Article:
The Crime of Violence Flaw in Immigration Law
Firstly, on the topic of violence, our thoughts and prayers go out to the victims, their families and loved ones from the country’s most devastating mass shooting in modern history, recently in Las Vegas. With so much division and seemingly increasing social hate under flourishing since Donald Trump has been elected President, we are truly living in perilous times.
On the topic of violence, earlier this week, the U.S. Supreme Court justices heard arguments in, Sessions v. Dimaya, where the government appealed the Ninth Circuit Court of Appeals ruling that language in the Immigration and Nationality Act calling for deportation of legal immigrants convicted of a “crime of violence” was so vague that it violated their rights to due process of law under the U.S. Constitution.
In light of the recent mass shooting in Las Vegas, Nevada carried out by an American citizen. One wonders when will President Donald Trump and his administration will start focusing on the issues that really matter. His intense focus on immigration issues and deportation based on the belief that the immigrant community are somehow a major cause of crime in this country actually has an overwhelming amount of evidence and facts that state the contrary.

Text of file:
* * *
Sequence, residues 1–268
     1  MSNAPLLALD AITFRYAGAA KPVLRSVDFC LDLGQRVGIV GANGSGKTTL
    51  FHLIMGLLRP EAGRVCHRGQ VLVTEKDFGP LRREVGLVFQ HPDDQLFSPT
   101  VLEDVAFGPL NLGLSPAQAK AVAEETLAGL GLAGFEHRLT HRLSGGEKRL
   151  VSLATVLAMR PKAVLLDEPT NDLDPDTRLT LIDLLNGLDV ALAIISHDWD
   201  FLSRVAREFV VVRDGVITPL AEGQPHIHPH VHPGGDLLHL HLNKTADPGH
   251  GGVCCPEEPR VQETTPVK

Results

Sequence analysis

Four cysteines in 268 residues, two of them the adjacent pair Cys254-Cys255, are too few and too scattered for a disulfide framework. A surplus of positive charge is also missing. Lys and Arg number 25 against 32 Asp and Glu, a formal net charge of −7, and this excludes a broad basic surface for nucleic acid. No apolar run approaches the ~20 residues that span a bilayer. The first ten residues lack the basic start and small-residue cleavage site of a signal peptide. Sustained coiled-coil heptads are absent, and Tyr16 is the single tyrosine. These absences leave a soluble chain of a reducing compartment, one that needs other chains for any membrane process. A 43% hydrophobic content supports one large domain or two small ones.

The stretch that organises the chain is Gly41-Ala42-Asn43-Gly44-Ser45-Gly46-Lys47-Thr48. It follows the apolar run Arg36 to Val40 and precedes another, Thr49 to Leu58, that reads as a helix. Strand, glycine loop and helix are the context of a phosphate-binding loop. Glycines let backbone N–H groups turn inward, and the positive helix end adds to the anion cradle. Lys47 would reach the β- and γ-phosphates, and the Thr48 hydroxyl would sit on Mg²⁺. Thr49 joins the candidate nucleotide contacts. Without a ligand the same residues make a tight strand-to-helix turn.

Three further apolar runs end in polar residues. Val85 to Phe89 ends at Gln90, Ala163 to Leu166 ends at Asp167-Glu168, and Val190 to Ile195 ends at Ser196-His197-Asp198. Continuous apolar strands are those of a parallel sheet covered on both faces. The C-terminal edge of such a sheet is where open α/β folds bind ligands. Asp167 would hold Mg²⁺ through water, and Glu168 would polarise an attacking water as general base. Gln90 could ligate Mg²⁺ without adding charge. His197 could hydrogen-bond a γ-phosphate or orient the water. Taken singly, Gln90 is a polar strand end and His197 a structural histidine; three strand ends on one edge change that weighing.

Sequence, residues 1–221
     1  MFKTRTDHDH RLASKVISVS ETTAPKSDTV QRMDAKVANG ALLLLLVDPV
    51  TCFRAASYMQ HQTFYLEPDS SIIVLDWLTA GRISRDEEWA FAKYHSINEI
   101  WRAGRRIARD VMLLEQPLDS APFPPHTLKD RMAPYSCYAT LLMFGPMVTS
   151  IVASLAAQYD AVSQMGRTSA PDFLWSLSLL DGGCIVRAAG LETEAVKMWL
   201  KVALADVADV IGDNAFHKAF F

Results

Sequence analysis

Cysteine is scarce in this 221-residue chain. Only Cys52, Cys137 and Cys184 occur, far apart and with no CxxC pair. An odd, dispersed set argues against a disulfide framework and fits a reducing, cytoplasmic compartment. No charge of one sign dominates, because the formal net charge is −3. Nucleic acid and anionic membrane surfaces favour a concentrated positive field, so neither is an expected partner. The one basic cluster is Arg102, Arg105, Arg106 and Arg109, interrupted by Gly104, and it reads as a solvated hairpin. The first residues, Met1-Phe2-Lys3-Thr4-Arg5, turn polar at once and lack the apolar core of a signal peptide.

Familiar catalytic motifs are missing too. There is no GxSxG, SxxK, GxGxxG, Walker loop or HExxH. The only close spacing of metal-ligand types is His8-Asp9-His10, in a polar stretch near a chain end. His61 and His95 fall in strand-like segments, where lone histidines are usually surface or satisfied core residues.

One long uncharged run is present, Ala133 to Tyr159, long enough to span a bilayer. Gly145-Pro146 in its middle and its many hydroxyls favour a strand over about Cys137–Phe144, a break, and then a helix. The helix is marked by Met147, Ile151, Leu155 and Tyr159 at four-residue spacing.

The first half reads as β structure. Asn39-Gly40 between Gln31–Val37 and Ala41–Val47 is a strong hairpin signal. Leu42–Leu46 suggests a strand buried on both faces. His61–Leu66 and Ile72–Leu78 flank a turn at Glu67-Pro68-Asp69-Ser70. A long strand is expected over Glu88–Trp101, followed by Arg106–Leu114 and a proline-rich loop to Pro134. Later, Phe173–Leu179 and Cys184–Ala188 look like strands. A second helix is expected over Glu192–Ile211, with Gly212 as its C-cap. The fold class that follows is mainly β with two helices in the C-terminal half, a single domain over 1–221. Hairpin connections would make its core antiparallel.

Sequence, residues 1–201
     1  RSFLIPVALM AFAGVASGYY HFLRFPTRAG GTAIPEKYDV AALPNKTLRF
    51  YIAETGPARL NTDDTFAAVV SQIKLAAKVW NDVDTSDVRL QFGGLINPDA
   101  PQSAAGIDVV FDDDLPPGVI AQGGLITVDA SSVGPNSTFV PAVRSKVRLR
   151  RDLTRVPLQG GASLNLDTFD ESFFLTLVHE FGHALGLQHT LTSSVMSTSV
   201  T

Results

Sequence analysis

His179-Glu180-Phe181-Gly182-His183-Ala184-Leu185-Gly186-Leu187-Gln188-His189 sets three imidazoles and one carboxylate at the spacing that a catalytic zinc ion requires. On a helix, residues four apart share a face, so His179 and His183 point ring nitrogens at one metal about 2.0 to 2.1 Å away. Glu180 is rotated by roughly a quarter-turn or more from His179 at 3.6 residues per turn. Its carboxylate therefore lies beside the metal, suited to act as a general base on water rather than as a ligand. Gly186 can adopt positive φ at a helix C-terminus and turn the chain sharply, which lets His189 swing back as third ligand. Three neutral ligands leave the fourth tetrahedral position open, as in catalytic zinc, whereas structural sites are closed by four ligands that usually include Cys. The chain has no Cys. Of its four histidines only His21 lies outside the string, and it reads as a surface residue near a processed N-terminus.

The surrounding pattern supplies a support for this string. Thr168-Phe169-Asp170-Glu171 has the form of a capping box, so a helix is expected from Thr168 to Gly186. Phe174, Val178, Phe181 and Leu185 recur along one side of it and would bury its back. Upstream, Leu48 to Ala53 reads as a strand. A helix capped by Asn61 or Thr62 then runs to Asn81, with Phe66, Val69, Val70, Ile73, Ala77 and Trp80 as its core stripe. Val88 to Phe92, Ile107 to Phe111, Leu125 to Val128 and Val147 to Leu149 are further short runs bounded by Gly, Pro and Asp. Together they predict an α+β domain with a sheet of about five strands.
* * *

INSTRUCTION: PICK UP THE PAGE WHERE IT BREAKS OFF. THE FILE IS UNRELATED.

We believe the Supreme Court Justices have an opportunity to right injustice in this case involving Filipino legal immigrant James Garcia Dimaya, who is the most recent case example of how federal authorities ordered a legal immigrant deported for the “violent” crime of burglary, that did not involve violence. Clarification for which crimes warrant the deportation hammer is definitely in order to ensure we as a country are staying true to our values of equality and fairness.
“The Dimiya case is a clear example of why immigration reform is such a critical piece of change that desperately needs to take place here in America,” said top Atlanta immigration attorney Glenn Fogle, principal member and founder of The Fogle Law Firm.
“Here we have a classic example of confusion within the federal legal realm”, said Fogle. In the federal criminal code, a “crime of violence” includes offenses in which force either was used or carried a “substantial risk” that it would be used. But then the San Francisco-based 9th U.S. Circuit Court of Appeals ruled in 2015 that the definition as applied to non-citizen immigrants was unconstitutionally vague and can lead to arbitrary enforcement of the law.
Having been a part of the appeals court for over 26 years with one of the highest win-rates on the federal level in the country, Glenn Fogle patiently awaits the ruling on the Dimaya case.